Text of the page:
A Splendored Thing
A long time ago in a galaxy far, far away—that would be Texas, 1955—I was a freshman in college. Love Is A Many Splendored Thing won the Academy Award that year for best song. I can still get swept up in the melody and words of that romantic ballad. And I can joyfully attest that “true love is a many splendored thing,” especially between a husband and a wife. Sweet and strong, with new discoveries always on the horizon.
Scripture tells me God is love. It is His essence. The love of God is the original many splendored thing, an entity with splendors greater and more numerous than any other kind of love. Like a dazzling diamond this love of God has many sparkling facets, too many in fact to name. His is a covenant love, faithful, wise, strong, unconditional, just, tough yet full of tender compassion, full of beauty and truth.
One radiant facet of God’s love, one quality that defines Him, is mercy. Indeed, His mercies never fail. They are new every morning. Mercy is the disposition to show kindness, forgiveness and help, especially when shown to an offender or somebody a person has power over. This is who God is! But, whether because of temperament, or wounds we have received from the unmerciful or the deception of the Enemy who is called “the Accuser of the brethren,” it is often hard for us to live at peace and joy under the Mercy. This is especially true when we have failed or when we think who we are or what we are doing is not good enough. Yet this is exactly the situation when the quality of mercy shines brightest and is eagerly offered by a God who loves His children well. When we fail His mercy does not fail. It is a good thing to understand, appropriate and live joyfully in the mercy of God. As we let this splendorous facet of God’s love permeate our lives, we can begin to look at others—especially those in our lives who are failing or not getting it right— with merciful hearts and then we can make room for them to walk beside us under the Mercy.
Perhaps today you need His mercy. (Don’t we all?) Perhaps today there is someone in your life who needs from you the same mercy as you have received—someone in your family, in your classroom, at your work or in the store. Today can be a new beginning. One morning recently I was touched as I read the following. It is a beautiful picture I don’t ever want to forget.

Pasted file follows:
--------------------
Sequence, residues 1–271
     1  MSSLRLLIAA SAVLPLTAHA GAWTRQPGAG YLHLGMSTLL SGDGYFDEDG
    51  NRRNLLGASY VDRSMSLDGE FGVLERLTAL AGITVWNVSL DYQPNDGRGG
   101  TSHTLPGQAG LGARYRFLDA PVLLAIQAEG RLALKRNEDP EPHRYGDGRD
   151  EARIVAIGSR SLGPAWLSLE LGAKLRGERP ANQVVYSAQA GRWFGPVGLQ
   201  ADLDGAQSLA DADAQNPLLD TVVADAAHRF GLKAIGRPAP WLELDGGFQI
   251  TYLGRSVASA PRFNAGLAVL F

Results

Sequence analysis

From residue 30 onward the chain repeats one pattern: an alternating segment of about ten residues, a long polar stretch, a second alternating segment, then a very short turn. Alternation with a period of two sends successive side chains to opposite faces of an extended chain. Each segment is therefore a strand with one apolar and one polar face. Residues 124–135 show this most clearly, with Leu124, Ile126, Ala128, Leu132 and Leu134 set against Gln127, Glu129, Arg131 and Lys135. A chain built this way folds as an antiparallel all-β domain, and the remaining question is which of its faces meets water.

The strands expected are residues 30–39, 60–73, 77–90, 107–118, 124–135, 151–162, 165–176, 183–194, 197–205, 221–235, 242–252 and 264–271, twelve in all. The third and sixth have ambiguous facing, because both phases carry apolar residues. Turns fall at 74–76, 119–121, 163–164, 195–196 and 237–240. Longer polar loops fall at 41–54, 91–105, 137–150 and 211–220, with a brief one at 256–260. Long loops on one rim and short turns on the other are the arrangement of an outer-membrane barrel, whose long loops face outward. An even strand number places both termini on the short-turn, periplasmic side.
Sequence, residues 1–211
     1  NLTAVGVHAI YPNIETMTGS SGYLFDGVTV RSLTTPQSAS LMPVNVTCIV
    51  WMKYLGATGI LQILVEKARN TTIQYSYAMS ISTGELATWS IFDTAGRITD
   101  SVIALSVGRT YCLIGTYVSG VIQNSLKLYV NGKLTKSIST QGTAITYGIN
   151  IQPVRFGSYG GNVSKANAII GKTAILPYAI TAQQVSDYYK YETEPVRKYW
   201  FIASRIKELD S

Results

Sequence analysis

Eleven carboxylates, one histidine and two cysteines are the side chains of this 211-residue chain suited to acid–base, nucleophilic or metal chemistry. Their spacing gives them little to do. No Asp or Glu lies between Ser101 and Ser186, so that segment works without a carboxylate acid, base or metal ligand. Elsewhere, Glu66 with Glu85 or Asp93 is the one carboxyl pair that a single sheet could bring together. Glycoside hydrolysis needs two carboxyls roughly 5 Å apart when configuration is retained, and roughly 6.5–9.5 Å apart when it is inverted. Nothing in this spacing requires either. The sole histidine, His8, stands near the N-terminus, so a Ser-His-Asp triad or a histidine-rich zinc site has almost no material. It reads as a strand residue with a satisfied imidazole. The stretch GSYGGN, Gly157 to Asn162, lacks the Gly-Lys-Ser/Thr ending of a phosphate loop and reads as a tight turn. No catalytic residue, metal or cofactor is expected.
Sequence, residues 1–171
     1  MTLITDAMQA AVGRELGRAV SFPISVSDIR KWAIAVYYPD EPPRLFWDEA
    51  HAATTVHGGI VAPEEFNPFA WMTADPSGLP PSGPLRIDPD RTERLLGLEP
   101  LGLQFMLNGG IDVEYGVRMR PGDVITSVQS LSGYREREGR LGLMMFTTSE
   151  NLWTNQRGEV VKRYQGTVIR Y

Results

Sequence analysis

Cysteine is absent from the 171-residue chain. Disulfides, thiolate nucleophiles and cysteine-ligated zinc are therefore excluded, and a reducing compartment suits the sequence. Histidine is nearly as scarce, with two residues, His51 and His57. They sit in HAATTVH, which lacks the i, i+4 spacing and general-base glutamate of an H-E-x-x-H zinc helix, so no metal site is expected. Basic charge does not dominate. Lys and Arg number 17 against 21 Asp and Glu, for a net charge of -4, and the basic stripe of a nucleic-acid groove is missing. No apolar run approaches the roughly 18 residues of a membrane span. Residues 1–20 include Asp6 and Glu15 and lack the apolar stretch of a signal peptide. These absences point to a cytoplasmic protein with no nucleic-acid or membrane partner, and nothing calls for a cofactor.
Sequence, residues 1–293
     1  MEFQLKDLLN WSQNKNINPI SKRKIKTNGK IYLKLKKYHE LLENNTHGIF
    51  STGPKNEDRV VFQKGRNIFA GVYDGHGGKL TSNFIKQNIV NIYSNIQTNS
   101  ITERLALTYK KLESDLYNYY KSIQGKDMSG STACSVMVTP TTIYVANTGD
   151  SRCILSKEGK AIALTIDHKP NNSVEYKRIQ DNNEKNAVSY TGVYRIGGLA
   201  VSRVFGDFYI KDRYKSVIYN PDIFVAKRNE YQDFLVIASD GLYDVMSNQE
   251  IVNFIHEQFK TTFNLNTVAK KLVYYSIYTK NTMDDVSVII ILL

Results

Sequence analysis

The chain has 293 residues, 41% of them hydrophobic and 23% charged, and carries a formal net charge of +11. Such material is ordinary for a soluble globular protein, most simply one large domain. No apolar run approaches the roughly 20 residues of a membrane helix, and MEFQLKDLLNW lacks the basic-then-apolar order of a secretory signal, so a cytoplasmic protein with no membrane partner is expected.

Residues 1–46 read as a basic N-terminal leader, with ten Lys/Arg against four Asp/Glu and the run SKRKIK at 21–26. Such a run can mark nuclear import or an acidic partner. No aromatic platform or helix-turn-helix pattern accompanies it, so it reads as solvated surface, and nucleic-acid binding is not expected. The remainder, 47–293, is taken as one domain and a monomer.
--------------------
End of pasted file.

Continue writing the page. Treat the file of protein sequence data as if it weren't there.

Under the Mercy,
Recently I was in a doctor’s office…when a young mother with long brown hair and a gentle face entered, pushing in a wheelchair a child three or four years old. The child obviously was disabled: her hands unable to grasp anything, her arms and legs flailing helplessly, her eyes unable to hold focus. Her voice could not make syllables but only squeals or little wails. The mother positioned the child’s chair so that they were face-to-face. She began softly singing and doing the hand motions to “The Itsy Bitsy Spider” directly in front of the child’s face, to attract her attention. She repeated it over and over, sometimes catching the child’s hand and kissing it, stroking her hair; she looked into the child’s eyes and whispered, with enormous tenderness, “I love you.” For a moment, I felt like an unwitting intruder into a sacred space.
Is this how we are, I wondered, before our God who wants to love us just this tenderly? Our limbs flailing aimlessly, unable to unify our energies to respond to the gift of life we have been given; our eyes unable to focus on the love God tries over and over in so many ways to reveal to us; our voices unable to respond coherently to this God whom our minds cannot comprehend? And is that why we so often turn to the word mercy when we want to speak of our God?
When God’s love touches us in our neediness, the sorrow and suffering inherent in the human condition, we name it mercy. Mercy is perhaps the loveliest of all God’s qualifies. This is the love that reaches into the dark space of our flailing and our failing, our losing and our dying. Mercy enters that space, picks us up and holds us tenderly until we are healed. Little by little, this love draws our groping hands and wasted energies to purposeful service; it looks directly into our uncomprehending eyes, hears our futile wail, and says, “No matter, I love you anyway. Come on…” And so mercy brings us to ever–new life.
—From “Living in the Mercy” by Elaine M. Prevallet in Weavings, September/October 2000